By: Ronnie Ruff
The Childrens Hour at WSC
The Children’s Hour by Lillian Hellman starts on a slow path to it’s conclusion but as the plot thickens this melodrama of blackmail and lies in a 1930s girls school comes to life with a riveting but predictable ending. WSC’s H Lee Gable directs and casts Christopher Henley and Jay Hardee in traditional female roles that are open to experimentation. In today’s world of politicized gender issues Gable very successfully twists screws that at first seem frozen but as the play progresses they eventually loosen, freeing Henley to give us a performance of steady, but frail brilliance. Hardy succeeds wonderfully as well in a performance that he nails. The show touches on sensitive topics with thoughtful consideration, keeping us involved in the characters to the very end. One can argue the merits of cross gender casting but in the end it has little to do with the performance’s success, instead the show stands on its performances and a strong script that is extremely engaging.
Finishing up WSC’s season in rep with Two Headed, The Children’s Hour is the story of Mary, a spoiled brat, who decides to destroy a girls school and its head mistresses using scathing innuendo. The characters, though dated, hold up well and one can draw parallels from today’s political headlines. A superb cast with the afore mentioned Christopher Henley and Jay Hardee along with Suzanne Richards, William Aitken, elisha eftua bartels, Jan Boulet, Dana Edwards, Annie Houston, Cam Magee and Abby Wood provide solid performances for Mr. Gable. Cam Magee is solid and shows great depth of character as Karen and Suzanne Richard brings energy and animation to her role as Lily.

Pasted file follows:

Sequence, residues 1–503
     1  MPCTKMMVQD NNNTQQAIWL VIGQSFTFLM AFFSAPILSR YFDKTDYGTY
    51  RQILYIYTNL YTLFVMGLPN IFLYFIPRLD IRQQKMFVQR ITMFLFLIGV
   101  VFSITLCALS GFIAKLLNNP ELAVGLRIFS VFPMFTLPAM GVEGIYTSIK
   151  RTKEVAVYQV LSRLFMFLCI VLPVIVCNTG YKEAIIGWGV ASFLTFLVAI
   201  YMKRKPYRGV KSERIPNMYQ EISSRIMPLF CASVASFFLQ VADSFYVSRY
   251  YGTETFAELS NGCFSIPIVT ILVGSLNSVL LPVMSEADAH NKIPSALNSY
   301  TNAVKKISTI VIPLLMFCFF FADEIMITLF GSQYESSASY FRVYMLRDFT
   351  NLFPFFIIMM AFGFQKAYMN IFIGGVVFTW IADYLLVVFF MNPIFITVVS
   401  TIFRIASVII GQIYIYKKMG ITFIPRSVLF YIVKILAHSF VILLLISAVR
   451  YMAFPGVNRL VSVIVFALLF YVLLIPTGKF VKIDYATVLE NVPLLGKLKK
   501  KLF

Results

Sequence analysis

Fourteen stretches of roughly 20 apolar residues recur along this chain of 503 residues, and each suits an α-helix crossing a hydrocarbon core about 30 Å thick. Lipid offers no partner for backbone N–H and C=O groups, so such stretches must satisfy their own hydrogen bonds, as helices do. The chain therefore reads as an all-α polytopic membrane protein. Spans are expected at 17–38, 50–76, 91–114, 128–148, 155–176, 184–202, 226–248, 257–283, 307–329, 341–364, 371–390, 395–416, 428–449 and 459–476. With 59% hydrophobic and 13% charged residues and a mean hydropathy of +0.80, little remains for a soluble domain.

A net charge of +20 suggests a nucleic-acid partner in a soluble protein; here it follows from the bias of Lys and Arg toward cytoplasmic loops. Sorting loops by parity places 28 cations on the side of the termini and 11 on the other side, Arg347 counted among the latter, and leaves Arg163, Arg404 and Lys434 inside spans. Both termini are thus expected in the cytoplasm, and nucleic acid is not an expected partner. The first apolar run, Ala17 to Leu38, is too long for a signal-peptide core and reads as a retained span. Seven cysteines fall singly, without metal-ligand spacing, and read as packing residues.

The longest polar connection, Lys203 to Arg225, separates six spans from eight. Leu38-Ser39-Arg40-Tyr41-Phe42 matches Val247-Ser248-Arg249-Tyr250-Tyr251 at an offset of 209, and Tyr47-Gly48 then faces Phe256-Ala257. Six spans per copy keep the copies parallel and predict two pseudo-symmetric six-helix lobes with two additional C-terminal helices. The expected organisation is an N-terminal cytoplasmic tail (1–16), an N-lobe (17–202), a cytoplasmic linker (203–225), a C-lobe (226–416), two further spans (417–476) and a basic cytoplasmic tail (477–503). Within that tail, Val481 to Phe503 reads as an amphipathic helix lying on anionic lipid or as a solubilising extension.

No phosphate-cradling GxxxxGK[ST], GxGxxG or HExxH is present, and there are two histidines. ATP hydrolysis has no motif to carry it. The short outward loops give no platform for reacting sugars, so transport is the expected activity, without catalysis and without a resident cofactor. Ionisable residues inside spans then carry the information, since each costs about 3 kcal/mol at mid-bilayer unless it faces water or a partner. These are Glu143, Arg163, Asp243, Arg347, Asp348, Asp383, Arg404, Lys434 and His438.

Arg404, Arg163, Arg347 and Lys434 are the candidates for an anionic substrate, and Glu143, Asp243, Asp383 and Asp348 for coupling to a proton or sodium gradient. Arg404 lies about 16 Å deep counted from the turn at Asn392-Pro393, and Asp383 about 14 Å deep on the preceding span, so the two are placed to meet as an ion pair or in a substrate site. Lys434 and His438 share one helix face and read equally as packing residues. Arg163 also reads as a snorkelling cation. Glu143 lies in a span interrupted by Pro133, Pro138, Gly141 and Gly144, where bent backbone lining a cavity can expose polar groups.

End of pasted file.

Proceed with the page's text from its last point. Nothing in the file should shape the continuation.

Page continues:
Simple but pleasing staging ensures the play’s wonderful script is always at the forefront. The Children’s Hour is a multi textured, complex show and reminds us constantly that that a single lie can wreck much havoc under the best of conditions. Christopher Henley’s progressive vision for WSC keeps this Washington Theatre institution rooted in solid theatrical choices that challenge us and have us question the status quo. The Children’s Hour only reinforces that footing and sets the stage for what can only be greater things to come.